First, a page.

John Jameson, Co. B, 7th Pennsylvania Reserves

The Jamesons in America, 1647-1900. Genealogical Records and Memoranda by E. O. Jameson; Published by the Rumford Press, Concord, N.H., 1901; Boston, Mass., pgs 543-4.

John Jameson son of Alexander and Mary (Hurd) Jameson, was born July 24, 1832, in Dryden, N.Y. He married May 28, 1863, Sarah Elizabeth Conghlin, daughter of David B. and La Reine (Britton) Coughlin. She was born April 4, 1838 in Milford, N.J., where they reside. Present post-office address, Richland Centre, Pa. The children were:

  • Annie Mary, b. Feb 28, 1865.
  • Caroline, b. May 2, 1868.
  • Louise, b. July 9, 1871.
  • John, July 2, 1873. He died in childhood, Dec. 17, 1879.


John Jameson

Mr. Jameson worked on the farm at home until nineteen years of age, when he felt that the world was larger than the small spot he had seen, so one fine morning he took his belongings and left the parental roof to seek his fortune. He came, 1852, into Pennsylvania, took up whatever presented itself to earn an honest penny, for his habits have always been for the best. The year 1861 found him in Liverpool, Pa., where he raised a company of one hundred volunteers, equipped them with caps and coats at his expense, was elected first lieutenant, while still in camp, was promoted and made captain in the 7th Regt., Penn. Reserves. He served his country for two years, was in all the battles of the Peninsula, second Bull Run, and South Mountain. He had command of the regiment at Antietam, where he was wounded. After leaving the hospital, he was requested by the governor to resign, in order to take command of a regiment of drafted men, who refused to serve under old officers; they wanted to elect their own men, which left him free. His health being considerably impaired, he decided to remain out of the army. Since 1868 he has been a projector and builder of railroads; he was the promoter and pioneer of the “Collins expedition” in 1878 to South America, which was a widely known enterprise but which resulted in a disastrous loss of life, as well as an immense amount of capital. One steamer was wrecked at the breakwater, and nearly all on board were lost, with thousands of dollars” worth of material. The object was to build one hundred and fifty miles of railway along the Maderia, eight hundred miles from where it empties into the Amazon, which is one thousand miles from its mouth. It was a country where few white men had ever been. After having graded ten miles under climatic as well as other great disadvantages, it was found there was a technical point which prevented his obtaining the funds to prosecute the work furtehr. This involved a loss of nearly one million dollars, and the prospect of a fortune to the contractors. But Mr. Jameson manifested his courage and strong will and said: “Well, I will neither cry nor give up, but I will try it again, and if I cannot ride I will walk.” That has been his motto all through life, always looking on the bright side, until his friends have given him the name of “Hopeful John,” which is no misnomer.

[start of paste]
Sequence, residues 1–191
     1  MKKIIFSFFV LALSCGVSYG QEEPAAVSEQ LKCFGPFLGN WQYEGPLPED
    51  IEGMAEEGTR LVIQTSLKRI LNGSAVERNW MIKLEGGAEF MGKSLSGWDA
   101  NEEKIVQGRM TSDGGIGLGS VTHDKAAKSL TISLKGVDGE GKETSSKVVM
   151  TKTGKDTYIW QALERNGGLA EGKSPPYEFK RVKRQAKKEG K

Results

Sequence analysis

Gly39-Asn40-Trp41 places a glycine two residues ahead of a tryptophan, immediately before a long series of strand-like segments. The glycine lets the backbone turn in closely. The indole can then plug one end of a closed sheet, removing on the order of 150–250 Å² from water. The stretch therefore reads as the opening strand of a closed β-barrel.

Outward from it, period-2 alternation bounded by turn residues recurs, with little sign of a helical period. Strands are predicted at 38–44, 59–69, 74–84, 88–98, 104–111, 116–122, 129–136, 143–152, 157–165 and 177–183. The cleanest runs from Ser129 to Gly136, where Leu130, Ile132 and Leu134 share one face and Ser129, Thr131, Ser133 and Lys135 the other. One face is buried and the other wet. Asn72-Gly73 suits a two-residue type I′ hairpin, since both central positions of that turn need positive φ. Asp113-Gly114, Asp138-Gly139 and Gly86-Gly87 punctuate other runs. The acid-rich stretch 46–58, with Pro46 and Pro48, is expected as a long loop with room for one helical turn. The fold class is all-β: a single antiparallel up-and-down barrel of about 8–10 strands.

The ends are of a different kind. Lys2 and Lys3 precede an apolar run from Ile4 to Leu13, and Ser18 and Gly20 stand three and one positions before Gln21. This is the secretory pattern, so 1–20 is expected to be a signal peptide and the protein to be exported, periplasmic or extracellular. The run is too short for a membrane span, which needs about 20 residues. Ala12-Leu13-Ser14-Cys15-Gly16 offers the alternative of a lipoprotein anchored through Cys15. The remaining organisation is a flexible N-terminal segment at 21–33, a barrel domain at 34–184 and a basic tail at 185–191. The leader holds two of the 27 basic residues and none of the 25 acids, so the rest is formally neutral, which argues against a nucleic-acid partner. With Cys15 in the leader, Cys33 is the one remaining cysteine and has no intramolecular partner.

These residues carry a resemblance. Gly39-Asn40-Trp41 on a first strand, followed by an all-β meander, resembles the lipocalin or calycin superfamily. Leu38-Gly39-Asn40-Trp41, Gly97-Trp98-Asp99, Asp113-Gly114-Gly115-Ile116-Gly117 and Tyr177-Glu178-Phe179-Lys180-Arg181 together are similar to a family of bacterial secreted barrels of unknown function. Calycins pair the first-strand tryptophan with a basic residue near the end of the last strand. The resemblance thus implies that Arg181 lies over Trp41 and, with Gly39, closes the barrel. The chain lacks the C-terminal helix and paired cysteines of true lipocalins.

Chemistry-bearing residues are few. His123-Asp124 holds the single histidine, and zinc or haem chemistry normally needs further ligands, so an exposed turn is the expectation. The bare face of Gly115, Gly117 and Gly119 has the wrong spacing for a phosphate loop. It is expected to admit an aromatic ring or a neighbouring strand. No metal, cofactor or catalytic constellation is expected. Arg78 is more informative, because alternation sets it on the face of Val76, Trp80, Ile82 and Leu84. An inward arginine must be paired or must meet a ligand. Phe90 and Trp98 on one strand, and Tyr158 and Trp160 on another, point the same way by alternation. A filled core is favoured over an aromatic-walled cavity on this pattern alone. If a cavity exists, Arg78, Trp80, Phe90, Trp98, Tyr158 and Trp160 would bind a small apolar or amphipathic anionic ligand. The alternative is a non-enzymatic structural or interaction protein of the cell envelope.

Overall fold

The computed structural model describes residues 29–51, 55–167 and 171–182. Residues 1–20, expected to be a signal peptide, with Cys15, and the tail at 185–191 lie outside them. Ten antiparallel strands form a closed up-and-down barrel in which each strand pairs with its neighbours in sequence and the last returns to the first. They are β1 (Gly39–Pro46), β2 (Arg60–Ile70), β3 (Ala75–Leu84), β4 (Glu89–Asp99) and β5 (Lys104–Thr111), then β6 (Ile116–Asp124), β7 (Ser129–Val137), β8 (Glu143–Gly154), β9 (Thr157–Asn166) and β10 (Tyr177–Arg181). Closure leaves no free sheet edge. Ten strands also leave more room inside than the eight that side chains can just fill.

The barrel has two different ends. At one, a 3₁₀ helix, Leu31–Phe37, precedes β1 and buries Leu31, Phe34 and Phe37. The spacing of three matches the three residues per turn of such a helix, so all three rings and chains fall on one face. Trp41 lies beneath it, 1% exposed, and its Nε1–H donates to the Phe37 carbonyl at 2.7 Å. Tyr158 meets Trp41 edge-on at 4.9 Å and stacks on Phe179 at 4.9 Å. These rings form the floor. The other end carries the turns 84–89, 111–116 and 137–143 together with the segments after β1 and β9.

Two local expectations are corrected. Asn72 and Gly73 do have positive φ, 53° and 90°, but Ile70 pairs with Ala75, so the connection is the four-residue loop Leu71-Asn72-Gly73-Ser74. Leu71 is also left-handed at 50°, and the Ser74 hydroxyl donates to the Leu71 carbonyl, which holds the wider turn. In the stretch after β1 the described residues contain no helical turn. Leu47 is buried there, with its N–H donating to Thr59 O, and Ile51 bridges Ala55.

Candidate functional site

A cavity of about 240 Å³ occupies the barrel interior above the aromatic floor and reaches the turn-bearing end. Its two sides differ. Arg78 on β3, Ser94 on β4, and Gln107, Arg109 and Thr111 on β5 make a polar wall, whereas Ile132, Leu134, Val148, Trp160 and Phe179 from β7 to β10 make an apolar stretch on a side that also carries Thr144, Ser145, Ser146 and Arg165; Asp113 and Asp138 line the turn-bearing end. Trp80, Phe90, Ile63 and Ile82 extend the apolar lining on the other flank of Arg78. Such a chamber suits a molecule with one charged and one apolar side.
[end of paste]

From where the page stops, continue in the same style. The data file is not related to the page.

Captain Jameson is six feet in height, of commanding person, in vigorous health, and attends to business every day regardless of weather. He is a generous and kind-hearted man, truly “one of Nature”s noblemen;” a Democrat of the old school, believing in “the greatest good to the greatest number.”

Captain Jameson is still a railroad contractor and builder, and is the active president of three lines of railroad. Jameson City, Columbia Co., Pa., was named for him at the suggestion of Mrs. Jameson, it being the terminus of a railroad which he had built. This family spell the name Jameson.

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Currently a resident of Burke, Virginia - I'm originally from the City of Philadelphia, Pennsylvania. I have been a student of the Pennsylvania Reserves since 1997 and thoroughly enjoy telling their story. By trade I'm a former IT Professional but presently working as a Letter Carrier for the United States Postal Service.